Alerted by my FaceBook post on the impact of “13 reasons Why”, one of Mid-Day’s reporters delved deeper into the issue. It led to a Cover Story in Sunday MidDay on teen suicide/self-harm linked to the show 13 reasons Why.

Renowned Mumbai-based clinical psychologist and trauma therapist Hvovi Bhagwagar, 41, said she has witnessed a 40 per cent jump in the number of patients with suicidal tendencies, ever since the release of the second season of the show, which is based on a 2007 novel of the same name. According to Bhagwagar, it’s not the show’s portrayal of suicide that worries her, as much as how it shows that committing suicide could bring about a positive change in society.

Wrong message
Bhagwagar said that many of the teenagers, who’ve come to her, have been making some reference or the other, to how they identify themselves with Hannah Baker, the protagonist of the show, who takes her own life in the first season. After Hannah’s death, her classmate Clay finds a mysterious box on his porch, comprising recordings made by her, in which she explains the 13 reasons why she chose to commit suicide. In the second season, Clay’s new love interest, Skye, is seen grappling with depression.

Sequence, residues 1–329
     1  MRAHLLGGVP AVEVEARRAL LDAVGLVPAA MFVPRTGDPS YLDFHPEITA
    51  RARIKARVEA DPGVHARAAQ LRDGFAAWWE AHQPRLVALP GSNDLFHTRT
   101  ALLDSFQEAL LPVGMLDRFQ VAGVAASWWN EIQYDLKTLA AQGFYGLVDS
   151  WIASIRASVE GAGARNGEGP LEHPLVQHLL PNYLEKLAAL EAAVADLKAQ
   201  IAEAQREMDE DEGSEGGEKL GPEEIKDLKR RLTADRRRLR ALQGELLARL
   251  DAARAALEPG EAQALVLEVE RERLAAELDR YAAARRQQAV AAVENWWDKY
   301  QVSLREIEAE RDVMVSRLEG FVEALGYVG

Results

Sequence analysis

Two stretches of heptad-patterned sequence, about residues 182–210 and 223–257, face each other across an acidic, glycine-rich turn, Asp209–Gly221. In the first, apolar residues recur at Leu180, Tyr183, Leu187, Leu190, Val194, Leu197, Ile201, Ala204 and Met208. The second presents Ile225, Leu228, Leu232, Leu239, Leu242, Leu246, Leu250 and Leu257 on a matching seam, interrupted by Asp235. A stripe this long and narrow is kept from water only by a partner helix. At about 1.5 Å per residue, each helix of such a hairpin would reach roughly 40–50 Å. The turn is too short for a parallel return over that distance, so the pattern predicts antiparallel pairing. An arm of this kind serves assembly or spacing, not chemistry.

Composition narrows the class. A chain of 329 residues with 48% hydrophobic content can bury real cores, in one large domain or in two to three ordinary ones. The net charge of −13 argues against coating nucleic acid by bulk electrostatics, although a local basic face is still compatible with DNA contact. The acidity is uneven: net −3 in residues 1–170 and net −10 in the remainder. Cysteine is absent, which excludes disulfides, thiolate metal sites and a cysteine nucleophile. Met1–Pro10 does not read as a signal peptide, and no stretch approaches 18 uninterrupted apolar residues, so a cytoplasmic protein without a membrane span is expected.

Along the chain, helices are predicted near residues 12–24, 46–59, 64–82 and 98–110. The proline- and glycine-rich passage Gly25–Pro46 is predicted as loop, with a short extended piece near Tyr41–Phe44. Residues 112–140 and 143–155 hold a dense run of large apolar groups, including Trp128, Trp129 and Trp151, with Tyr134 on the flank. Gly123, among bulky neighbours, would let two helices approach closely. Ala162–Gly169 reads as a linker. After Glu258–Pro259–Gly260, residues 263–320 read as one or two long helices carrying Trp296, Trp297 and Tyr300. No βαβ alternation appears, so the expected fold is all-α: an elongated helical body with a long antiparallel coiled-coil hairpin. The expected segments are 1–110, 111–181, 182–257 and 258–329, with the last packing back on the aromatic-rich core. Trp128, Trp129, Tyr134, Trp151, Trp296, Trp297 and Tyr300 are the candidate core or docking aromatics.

“Basically, what the show has done is romanticised the idea of suicide,” she said. “A teenager who came to me last Tuesday, told me that after watching the show, she felt like writing letters to every single person, who had been mean to her and sending it to them, before ending her life,” said Bhagwagar. She also pointed out that the series could act as a trigger for those viewers, who already have innate suicidal tendencies. “We see suicides in so many movies, but in this show, they have played with the characters’ emotions and enlarged it, thereby making the responses much more severe than it could or should be,” she said.

Featured in the Sunday Mid-day, May 27th, 2018